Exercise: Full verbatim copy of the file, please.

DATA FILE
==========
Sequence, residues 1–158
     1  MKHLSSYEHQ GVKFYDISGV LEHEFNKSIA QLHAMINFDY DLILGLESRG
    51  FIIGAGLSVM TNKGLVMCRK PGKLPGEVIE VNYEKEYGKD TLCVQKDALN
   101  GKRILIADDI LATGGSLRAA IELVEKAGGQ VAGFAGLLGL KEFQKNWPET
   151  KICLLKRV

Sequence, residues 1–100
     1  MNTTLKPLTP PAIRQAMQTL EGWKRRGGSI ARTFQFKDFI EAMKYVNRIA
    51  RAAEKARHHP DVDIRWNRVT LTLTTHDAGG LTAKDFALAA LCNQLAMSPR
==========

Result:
Sequence, residues 1–158
     1  MKHLSSYEHQ GVKFYDISGV LEHEFNKSIA QLHAMINFDY DLILGLESRG
    51  FIIGAGLSVM TNKGLVMCRK PGKLPGEVIE VNYEKEYGKD TLCVQKDALN
   101  GKRILIADDI LATGGSLRAA IELVEKAGGQ VAGFAGLLGL KEFQKNWPET
   151  KICLLKRV

Sequence, residues 1–100
     1  MNTTLKPLTP PAIRQAMQTL EGWKRRGGSI ARTFQFKDFI EAMKYVNRIA
    51  RAAEKARHHP DVDIRWNRVT LTLTTHDAGG LTAKDFALAA LCNQLAMSPR